The current fragmented nature of land and property information holdings and its susceptibility to duplication perpetuates inefficiency, hinders clarity and ultimately serves to constrain or prevent the introduction of new and more innovative ways of managing and using property in response to the priorities of society.
Unifi Scotland recognises that land and property information underpins many varied activities and agendas, and believes that alignment with its three fundamental objectives (Satisfying the Citizen, Improving Efficiency and Supporting Economic Growth) can best be achieved through consideration of three areas of primary focus:
- Improved and smarter utilisation of property address referencing – in order to leverage resolution of current inadequacies and failings by enabling interconnect of otherwise disparate information holdings.
- Enabling more expedient property transactions – in the interest of better serving the citizen and enabling government efficiency.
- Clarifying the full extent of Scotland’s ‘civil estate’ – so as to ensure that the land and property owned or occupied by Scotland’s different public agencies is managed to its optimum potential in accordance with public interest.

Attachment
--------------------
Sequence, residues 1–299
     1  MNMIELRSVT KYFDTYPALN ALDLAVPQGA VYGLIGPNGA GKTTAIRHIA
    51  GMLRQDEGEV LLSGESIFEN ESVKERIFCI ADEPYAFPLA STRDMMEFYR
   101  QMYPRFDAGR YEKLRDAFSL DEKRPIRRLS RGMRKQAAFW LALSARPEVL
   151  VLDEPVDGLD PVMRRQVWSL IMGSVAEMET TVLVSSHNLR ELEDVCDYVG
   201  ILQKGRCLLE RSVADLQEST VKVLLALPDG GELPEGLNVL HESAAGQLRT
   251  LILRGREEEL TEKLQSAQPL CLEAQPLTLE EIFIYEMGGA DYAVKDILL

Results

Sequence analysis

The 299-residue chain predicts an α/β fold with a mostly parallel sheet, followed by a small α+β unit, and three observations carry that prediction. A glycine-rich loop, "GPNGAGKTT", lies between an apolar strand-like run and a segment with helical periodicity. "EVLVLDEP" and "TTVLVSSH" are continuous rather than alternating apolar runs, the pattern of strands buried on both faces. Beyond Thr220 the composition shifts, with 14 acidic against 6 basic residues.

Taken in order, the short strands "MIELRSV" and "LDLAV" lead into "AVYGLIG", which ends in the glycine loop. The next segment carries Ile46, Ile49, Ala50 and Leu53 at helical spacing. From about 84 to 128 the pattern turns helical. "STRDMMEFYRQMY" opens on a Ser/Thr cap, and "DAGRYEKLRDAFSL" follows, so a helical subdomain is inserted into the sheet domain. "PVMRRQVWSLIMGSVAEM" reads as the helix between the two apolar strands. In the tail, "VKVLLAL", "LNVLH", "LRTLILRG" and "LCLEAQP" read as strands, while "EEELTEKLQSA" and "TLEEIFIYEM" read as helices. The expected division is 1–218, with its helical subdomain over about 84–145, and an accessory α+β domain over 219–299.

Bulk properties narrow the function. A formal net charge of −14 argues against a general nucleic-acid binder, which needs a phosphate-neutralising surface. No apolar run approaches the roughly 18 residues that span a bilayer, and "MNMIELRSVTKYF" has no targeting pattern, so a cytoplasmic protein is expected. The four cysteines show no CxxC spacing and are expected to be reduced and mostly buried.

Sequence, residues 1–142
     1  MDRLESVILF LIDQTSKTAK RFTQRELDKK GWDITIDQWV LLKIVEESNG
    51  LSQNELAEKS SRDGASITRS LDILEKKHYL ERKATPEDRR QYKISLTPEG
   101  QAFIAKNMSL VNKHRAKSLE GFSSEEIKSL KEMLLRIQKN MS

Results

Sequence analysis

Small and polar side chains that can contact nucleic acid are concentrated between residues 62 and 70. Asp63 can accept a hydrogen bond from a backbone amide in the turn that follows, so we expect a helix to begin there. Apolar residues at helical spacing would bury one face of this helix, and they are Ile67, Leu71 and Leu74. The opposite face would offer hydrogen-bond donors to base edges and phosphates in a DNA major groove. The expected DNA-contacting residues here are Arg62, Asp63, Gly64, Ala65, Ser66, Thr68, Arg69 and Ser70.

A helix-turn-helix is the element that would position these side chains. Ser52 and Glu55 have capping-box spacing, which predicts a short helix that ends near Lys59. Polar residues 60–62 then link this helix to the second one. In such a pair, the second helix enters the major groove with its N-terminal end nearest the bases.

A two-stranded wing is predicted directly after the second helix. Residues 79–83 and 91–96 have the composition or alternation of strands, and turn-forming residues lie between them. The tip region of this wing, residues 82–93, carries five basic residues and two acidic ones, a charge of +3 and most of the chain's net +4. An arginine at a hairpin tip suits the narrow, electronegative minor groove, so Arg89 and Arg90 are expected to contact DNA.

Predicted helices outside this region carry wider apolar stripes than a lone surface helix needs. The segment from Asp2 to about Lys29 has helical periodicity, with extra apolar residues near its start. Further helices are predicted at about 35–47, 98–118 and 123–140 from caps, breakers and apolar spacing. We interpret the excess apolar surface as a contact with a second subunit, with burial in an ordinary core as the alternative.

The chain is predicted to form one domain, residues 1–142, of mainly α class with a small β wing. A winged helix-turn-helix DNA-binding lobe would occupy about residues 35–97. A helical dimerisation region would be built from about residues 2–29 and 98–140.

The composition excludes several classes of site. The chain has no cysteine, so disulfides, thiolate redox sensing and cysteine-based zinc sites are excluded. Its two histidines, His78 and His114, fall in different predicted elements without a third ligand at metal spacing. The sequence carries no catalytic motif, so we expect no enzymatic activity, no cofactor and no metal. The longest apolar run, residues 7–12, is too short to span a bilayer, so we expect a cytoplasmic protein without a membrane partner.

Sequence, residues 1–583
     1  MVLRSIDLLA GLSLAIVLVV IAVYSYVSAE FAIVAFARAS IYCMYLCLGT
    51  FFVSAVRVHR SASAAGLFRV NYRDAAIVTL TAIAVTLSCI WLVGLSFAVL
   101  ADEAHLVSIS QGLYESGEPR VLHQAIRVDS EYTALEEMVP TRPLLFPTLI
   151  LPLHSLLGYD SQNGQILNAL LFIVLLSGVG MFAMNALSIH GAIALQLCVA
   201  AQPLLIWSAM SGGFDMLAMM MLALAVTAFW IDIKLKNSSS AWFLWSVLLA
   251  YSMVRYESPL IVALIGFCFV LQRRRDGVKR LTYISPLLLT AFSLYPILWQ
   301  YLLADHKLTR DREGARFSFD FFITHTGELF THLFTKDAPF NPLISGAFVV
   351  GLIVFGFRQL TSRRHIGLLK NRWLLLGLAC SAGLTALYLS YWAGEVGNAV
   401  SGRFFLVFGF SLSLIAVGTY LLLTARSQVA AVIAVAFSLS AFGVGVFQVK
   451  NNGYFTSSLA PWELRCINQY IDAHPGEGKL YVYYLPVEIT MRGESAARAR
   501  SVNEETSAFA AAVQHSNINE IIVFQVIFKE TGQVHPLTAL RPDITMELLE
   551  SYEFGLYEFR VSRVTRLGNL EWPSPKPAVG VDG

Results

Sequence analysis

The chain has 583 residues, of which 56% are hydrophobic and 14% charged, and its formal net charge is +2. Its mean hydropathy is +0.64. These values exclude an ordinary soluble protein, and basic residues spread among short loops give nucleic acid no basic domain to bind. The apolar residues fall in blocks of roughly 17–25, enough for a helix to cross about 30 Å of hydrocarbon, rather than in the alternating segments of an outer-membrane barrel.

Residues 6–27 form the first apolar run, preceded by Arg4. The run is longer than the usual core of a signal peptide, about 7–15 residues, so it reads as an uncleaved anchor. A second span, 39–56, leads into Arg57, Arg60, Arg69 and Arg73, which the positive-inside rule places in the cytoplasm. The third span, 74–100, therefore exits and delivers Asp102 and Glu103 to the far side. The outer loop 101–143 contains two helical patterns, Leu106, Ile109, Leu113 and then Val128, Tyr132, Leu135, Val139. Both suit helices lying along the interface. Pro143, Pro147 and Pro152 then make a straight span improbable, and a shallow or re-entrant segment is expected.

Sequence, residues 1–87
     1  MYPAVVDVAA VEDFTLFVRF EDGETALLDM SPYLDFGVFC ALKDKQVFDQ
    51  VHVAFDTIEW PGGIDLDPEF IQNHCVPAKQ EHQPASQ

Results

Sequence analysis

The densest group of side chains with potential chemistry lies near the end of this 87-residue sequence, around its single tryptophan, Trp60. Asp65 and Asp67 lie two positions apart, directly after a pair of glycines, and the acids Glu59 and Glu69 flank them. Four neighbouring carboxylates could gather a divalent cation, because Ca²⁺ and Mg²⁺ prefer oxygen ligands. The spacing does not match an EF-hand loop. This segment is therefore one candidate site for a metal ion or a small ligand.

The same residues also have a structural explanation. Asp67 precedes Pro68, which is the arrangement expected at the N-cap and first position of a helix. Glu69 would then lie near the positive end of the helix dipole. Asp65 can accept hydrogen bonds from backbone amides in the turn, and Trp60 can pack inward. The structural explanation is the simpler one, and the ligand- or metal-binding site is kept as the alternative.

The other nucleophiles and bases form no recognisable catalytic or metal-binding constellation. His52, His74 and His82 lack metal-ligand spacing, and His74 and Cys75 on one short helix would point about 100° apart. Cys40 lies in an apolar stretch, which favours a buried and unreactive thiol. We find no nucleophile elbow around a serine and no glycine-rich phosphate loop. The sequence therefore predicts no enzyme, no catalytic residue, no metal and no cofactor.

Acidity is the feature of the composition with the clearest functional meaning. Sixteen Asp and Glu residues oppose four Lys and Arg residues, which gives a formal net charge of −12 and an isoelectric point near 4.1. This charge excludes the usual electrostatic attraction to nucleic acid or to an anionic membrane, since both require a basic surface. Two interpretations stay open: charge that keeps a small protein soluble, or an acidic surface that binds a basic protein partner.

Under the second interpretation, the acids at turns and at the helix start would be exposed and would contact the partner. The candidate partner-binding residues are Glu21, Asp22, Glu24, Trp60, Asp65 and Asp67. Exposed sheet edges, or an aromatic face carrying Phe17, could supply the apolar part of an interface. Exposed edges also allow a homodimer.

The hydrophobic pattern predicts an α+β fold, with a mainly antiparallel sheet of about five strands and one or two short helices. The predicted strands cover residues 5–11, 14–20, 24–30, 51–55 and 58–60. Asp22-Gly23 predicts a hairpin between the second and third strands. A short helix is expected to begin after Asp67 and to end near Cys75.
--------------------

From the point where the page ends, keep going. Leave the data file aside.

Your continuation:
Scotland’s thirty two local authorities have made a considerable investment in creating a series of local address gazetteers that are now being amalgamated into a single National Gazetteer for the entirety of Scotland. The Registers of Scotland and the Scottish Assessors have also made similar complementary investments. Unifi believes that it is important there is recognition as to how potential synergies between these investments can become benefits that are clearly tangible to the citizen.
Unifi Scotland believes that transaction expediency can be achieved through enabling an ability to conveniently collate and reconcile all legally enforceable judgements, commitments and decisions pertaining to a clearly identifiable property and its immediate neighbours in combination with a degree of simplification of involved processes.
Unifi recognises that the investment, effort and willingness required to do so calls for an ability to account for current costs in terms of the cost overhead of a property to the whole of government rather than in terms of discrete functional costs as at present.
It is not known precisely what proportion of Scotland’s property base is either owned or occupied by a government function or interest. At any one time, such property may either be in operational use, earning income as an investment or considered to be surplus to requirements. That which is deemed to be surplus will be subject to ultimate disposal.
Unifi believes that effective management and optimum utilisation of Scotland’s ‘civil estate’ demands knowledge of its full extent rather than merely that which pertains to a particular agency or department. Such knowledge would serve to ensure that the civil estate is best able to meet the needs and priorities of both citizens and the third sector.